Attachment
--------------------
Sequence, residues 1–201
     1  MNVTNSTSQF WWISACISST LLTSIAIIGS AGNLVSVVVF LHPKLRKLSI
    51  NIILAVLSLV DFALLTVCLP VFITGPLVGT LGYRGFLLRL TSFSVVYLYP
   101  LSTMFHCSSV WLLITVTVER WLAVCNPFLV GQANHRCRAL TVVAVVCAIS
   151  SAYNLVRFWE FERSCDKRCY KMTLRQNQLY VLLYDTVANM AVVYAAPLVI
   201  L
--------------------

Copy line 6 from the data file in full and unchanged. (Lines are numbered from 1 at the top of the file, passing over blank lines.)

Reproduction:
   201  L